Grey horses have a significantly higher incidence of melanoma (= black skin cancer: heritability 0.36) than horses of a different colour since the mutation for the white coat colour is associated with other mutations. Grey horses are born as brown, black or fox-coloured foals and subsequently undergo a “too fast” greying process, with loss of melanocytes, due to a duplication mutation in intron 6 of the STX17 gene, which is inherited in an autosomal dominant manner. With this colour mutation, further predispositions are also inherited, such as vitiligo (progressive, spotty skin depigmentation due to loss of melanocytes, especially in the areas around the mouth and eyes), and also a significantly increased incidence of melanomas. 

Read more

Melanomas often occur in different parts of the body in parallel and show slow but progressive growth. They can be life-limiting due to the increase in size, for example, coprostasis in the perianal area, or due to metastasis inwards, for example, the central nervous system. The success of surgical excision is usually not long-lasting since melanomas have microscopic cell extensions of about 3 cm in length, which prevent complete surgical tumour removal in most localizations and the melanomas recur after a short time. Oncept, the first so-called cancer vaccine for animals, is currently in the clinical trial phase. The systemic treatment with the histamine antagonist cimetidine has been used successfully in isolated cases, but there is no evidence-based basis for this to date. Radiation therapy can achieve good treatment success, especially in combination with surgical cytoreduction.

Squamous Cell
Carcinoma (SCC)

SCCs are malignant tumours from the group of carcinomas that originate in the epithelia of the skin and mucous membranes. Such tumours can also grow from other types of tissue that do not themselves have a squamous epithelium, but have epithelia with the ability to metaplasize squamous cells. SCCs grow infiltratively and spread across contiguous organ borders. In horses, SCCs usually metastasize only in the advanced stages of the disease. In this case, the regional lymph nodes are particularly affected.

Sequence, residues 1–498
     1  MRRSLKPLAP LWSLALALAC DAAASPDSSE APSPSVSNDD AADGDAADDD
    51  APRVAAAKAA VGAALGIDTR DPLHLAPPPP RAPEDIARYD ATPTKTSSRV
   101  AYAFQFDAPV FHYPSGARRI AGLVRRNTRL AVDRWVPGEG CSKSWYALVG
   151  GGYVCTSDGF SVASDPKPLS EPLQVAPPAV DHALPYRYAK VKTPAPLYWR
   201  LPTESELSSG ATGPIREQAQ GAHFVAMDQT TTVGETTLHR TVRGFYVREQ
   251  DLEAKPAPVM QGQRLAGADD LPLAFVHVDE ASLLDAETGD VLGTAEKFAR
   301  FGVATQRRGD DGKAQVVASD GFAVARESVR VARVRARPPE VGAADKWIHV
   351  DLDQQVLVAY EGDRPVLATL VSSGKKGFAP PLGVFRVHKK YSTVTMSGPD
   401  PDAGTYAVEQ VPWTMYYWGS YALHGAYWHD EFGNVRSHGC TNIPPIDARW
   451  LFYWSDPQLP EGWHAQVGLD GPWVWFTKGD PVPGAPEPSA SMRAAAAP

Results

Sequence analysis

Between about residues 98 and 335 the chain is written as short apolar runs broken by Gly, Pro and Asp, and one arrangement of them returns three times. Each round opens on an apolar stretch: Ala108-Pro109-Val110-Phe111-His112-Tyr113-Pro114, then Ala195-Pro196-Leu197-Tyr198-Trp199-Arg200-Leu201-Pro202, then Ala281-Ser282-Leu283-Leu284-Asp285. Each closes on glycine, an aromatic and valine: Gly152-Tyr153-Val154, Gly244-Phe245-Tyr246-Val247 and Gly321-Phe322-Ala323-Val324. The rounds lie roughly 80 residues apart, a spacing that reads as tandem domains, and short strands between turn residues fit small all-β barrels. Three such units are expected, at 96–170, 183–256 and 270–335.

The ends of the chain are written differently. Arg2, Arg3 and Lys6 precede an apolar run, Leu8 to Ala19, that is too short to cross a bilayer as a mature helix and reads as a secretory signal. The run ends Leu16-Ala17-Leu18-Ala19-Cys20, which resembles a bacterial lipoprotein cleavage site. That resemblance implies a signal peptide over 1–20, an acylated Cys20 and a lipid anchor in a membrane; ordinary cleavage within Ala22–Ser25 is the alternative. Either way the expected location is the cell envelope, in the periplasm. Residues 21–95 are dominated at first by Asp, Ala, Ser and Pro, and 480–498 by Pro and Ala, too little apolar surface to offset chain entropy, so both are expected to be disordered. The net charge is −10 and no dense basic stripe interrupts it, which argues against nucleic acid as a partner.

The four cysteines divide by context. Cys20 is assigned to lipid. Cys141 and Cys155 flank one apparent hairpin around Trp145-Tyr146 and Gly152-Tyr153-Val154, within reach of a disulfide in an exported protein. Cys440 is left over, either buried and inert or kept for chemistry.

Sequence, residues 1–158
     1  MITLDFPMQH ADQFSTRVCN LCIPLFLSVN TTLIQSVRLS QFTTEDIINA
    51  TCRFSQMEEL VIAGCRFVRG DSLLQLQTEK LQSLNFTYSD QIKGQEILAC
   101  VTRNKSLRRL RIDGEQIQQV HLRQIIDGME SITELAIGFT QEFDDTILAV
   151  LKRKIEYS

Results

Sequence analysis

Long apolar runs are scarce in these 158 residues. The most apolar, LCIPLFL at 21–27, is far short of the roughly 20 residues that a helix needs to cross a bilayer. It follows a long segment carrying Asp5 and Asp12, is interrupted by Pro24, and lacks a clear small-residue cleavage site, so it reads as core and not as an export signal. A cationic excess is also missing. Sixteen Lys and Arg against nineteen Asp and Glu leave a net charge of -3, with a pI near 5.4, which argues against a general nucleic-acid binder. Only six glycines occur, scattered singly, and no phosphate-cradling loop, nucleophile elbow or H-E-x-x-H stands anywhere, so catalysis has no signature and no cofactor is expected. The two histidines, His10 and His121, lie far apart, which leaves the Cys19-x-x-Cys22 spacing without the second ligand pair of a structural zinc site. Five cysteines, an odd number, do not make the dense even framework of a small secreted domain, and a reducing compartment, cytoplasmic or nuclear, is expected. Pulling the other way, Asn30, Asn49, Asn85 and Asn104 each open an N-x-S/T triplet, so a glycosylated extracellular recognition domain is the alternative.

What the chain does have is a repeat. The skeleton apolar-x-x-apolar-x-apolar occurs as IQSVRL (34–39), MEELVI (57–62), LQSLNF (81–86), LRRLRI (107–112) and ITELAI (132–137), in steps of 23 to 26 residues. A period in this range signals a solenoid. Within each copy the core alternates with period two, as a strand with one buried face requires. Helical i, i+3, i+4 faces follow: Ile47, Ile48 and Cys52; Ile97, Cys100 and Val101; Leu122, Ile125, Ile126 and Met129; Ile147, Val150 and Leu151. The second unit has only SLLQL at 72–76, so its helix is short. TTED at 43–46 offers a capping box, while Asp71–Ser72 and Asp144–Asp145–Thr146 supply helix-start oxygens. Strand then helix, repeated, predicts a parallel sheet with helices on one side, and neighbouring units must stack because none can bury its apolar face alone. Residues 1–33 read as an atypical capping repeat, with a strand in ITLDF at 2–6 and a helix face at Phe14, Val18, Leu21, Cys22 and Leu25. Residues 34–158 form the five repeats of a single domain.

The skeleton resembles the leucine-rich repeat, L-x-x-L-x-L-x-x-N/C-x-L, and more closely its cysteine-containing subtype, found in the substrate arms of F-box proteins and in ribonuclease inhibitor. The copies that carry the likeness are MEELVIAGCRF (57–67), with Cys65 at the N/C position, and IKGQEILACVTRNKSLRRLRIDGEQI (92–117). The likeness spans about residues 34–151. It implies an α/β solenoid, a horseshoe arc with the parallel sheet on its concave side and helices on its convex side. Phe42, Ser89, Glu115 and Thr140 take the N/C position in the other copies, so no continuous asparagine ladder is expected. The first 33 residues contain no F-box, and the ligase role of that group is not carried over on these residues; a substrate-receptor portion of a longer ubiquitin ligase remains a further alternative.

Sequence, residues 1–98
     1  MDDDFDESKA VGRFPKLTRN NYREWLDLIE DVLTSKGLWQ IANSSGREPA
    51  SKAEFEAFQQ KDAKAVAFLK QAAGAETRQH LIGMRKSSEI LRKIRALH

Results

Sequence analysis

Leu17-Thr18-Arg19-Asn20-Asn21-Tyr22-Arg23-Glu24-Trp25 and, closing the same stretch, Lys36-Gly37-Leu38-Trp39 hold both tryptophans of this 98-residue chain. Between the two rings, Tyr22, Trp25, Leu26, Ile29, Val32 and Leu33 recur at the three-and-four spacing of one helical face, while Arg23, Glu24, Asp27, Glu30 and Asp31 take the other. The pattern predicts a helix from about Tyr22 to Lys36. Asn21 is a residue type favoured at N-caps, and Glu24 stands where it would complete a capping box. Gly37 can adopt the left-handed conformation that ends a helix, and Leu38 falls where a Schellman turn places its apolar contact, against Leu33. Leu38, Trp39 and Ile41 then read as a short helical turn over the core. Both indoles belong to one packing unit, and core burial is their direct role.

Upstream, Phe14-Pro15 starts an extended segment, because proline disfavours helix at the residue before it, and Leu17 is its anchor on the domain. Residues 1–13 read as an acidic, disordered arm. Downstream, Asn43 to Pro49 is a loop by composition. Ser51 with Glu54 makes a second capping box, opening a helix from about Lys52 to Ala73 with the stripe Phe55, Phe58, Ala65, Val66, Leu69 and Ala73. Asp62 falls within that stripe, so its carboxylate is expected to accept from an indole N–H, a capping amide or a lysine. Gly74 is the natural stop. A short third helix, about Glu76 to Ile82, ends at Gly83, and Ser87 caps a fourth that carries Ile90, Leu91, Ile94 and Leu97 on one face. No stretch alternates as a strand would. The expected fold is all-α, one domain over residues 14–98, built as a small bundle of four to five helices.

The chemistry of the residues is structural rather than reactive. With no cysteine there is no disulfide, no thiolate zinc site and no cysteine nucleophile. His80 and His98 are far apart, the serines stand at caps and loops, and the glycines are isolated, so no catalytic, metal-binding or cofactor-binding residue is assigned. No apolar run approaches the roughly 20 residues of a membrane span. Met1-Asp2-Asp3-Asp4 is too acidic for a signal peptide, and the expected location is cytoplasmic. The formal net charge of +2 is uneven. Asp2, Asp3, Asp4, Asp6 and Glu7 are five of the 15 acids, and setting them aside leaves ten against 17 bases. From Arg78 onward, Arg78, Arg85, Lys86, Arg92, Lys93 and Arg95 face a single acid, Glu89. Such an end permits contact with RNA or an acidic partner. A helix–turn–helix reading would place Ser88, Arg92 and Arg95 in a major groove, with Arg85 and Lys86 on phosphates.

Read more

Squamous cell carcinomas account for 24.6% of all tumours in horses and are therefore the second most common tumours after equine sarcoids. The cause for the development of SCCs is multifactorial. Depending on the anatomical location, other factors come to the fore. A correlation between EcPV-2 and SCC of the penis was observed. Equine papillomaviruses are also believed to be an etiological agent for other localizations. UV light can lead to cell degeneration via the formation of thymidine dimers in DNA and RNA. Higher prevalence of SCCs in sunny areas has been demonstrated in equines. UV-light induced SCCs are particularly common on unpigmented skin and mucous membranes. There is also a breed predisposition in breeds with many markings, e.g. Appaloosa. Chronic inflammation, irritation and wounds promote the development of SCCs. 

Typical locations of SCCs in horses are the eye, especially the conjunctiva, cornea, sclera and the third eyelid. The external genitals, as well as the bladder neck, stomach (cardia), sinuses and pharynx/larynx are also affected.

please
feel free to
contact us!

If you have any questions about radiation therapy or would like to discuss a mutual patient with us, contact our veterinarians at any time by email or phone or by using the contact form.

For Veterinarians

Dear Colleagues, 

At Equinox Healthcare, we are committed to working closely with you to provide the best possible treatment for our mutual patients. We see our range of therapies as both a complement to and extension of your veterinary care. Therefore, we would like to stay in close contact with you even after the radiation therapy has been completed in order to support you in the aftercare, which is usually carried out by the referring vet.

CONTACT FORM

If you have referred a patient, you are welcome to contact us directly or ask the owner to send us your contact details. In this case, you will receive a detailed report on the treatment that has taken place. 

Which patients are suitable for radiation therapy?

The two main indications for radiation therapy are local tumours and chronic inflammatory diseases. 

Neoplasms are treated with a high total dose, which is divided into several individual fractions. The protocols of the so-called benign radiation, which is used for arthroses and other chronically painful indications, consist of fewer fractions with significantly lower doses. 

We also differentiate between curative and palliative radiation protocols. You are welcome to discuss with our veterinarians which protocol is suitable for the individual patient.

Information on etiology and the treatment of common tumours